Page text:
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Virginia Farmers, NRCS Give Makeover to the Land

Makeover shows are now a staple of reality TV—we all like to see dramatic transformations. Did you know that USDA’s Natural Resources Conservation Service (NRCS) helps make “conservation makeovers” happen on the land every day?

Take Peyton and Myra Yancey’s fourth-generation 225-acre farm in Virginia’s scenic Shenandoah Valley, which houses beef and poultry operations.

The Yanceys’ conservation makeover started in April 2011 with planning and staking a stream buffer, which is a group of plants that will filter nutrients from water draining into the stream and provide shade to cool the water, improving the habitat for fish and other aquatic organisms.

The Rapid City, South Dakota USDA Staff Helps Make Christmas Special for a Family in Need

The Rapid City, South Dakota, service center includes staff from Natural Resources Conservation Service (NRCS), Farm Service Agency (FSA), Rural Development (RD) and Pennington County Conservation District.   Three years ago, the Rural Development staff contacted the Cornerstone Rescue Mission and WAVI (Working Against Violence, Inc.) to provide information on various programs.  At that time, the USDA staff decided to forgo the typical interoffice gift exchange and set up the first Angel tree.  The first two years, the staff provided gifts to the families seeking assistance from WAVI.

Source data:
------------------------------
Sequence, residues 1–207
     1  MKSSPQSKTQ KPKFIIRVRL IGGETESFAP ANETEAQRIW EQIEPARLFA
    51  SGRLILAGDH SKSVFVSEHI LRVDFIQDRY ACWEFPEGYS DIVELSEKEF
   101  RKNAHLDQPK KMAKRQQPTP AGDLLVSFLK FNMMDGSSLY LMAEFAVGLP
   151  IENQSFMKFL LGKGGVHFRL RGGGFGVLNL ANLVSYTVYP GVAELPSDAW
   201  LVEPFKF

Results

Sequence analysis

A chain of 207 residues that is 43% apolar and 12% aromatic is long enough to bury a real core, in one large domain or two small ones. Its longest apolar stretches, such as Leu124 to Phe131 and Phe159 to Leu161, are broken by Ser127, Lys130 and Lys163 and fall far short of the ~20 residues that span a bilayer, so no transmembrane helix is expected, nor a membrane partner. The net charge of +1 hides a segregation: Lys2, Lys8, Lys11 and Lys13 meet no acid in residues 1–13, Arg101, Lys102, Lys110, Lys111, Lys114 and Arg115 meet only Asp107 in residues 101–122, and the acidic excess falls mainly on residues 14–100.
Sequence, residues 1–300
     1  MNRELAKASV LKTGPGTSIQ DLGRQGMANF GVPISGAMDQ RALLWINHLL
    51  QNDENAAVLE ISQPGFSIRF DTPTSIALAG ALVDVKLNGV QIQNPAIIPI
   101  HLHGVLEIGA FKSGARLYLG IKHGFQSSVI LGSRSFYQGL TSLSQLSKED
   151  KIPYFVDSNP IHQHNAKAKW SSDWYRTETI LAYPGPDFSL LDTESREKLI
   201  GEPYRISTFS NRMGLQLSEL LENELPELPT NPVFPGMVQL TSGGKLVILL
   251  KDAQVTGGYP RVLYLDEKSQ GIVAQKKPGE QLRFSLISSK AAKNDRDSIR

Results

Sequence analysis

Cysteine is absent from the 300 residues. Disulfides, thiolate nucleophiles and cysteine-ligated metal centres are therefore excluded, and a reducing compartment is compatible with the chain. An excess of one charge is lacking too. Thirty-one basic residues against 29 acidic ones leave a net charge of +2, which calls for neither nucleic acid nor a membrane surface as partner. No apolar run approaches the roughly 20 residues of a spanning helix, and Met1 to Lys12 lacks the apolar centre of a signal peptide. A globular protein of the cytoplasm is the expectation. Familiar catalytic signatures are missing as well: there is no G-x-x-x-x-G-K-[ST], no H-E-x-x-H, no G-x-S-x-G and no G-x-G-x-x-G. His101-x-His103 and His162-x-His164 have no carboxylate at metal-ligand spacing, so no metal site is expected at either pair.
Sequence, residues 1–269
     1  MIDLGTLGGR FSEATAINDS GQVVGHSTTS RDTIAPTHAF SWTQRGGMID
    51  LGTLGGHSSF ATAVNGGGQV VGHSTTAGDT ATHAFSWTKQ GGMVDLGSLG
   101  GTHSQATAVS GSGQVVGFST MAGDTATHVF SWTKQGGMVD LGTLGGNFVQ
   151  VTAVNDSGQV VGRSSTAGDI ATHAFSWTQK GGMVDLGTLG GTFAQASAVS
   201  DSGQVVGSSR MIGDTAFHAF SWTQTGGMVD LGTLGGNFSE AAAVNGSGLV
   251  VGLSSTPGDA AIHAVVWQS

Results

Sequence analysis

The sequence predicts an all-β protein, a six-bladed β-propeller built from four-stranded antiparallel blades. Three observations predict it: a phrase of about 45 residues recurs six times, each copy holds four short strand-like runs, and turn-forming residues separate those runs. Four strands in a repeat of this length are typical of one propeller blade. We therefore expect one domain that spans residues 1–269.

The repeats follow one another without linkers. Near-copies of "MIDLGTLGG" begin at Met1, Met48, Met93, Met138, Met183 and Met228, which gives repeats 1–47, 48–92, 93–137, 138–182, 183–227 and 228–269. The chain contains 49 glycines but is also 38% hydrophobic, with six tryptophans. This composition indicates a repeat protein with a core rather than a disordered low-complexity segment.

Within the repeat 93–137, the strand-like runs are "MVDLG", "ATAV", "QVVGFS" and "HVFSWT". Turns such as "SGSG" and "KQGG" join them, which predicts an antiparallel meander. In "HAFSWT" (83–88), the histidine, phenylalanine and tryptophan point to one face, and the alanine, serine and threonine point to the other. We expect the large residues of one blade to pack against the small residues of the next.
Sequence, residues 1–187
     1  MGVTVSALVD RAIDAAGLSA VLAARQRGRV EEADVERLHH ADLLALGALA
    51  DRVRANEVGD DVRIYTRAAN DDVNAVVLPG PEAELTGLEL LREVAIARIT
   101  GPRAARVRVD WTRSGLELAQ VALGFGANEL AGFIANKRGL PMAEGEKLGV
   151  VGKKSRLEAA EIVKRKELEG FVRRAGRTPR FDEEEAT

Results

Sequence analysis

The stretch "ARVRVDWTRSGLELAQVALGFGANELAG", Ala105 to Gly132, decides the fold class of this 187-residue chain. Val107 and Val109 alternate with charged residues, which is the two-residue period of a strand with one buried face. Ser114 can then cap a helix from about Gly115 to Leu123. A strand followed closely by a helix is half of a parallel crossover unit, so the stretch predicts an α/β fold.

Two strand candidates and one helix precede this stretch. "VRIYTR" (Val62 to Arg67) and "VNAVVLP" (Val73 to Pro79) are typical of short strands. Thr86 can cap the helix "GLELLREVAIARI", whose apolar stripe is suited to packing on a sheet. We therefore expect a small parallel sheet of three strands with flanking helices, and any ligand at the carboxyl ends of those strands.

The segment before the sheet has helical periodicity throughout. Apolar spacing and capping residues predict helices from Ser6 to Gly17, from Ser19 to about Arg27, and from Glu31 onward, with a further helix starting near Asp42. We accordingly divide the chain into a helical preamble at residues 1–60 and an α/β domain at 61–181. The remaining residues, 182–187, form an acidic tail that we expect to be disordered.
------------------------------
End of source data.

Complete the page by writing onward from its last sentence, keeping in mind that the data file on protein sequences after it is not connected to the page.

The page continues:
Every year, the Rapid City Club for Boys finds sponsors to provide a Christmas for a family who would otherwise be unable to celebrate the holiday. This year, the group decided to sponsor a family of six.  The second to the youngest, is a 7-year old boy who lives with four sisters and his mother, and is a member of the Club for Boys.

The children’s mom works at a minimum wage job and is a full-time student in college.  The children range in age from 5 – 18, and the family budget is very limited making it difficult to make ends meet.

USDA Support Helps Delaware Families Build Their Own Homes

Earlier this month I joined Delaware Senators Tom Carper and Chris Coons in announcing USDA funding support for a project that will help 24 limited-income families build their own homes.  It’s called Self-Help Housing.

Under the program, limited-income credit-worthy families work together to build their own houses.  Usually, about eight families work together under the guidance of a construction foreman and the process takes about a year.  The program requires applicants to provide at least 65 percent of the labor, and at closing, this contribution becomes their “sweat equity.”  At the end of the process, USDA provides a direct homeownership loan at an interest rate of as little as one percent.

"The Self-Help Housing Program is one that instills a sense of pride in individuals as they work to build the very structure they will live in," said Senator Carper. "Homeownership is part of the American dream, and programs like the USDA's Rural Development Self Help Housing Program make that dream more accessible as we work our way out of this long and difficult recession," Senator Coons said.

'Tis the Season to be Counted: U.S. Farmers Give the Gift that Keeps Giving By Participating in 2012 Census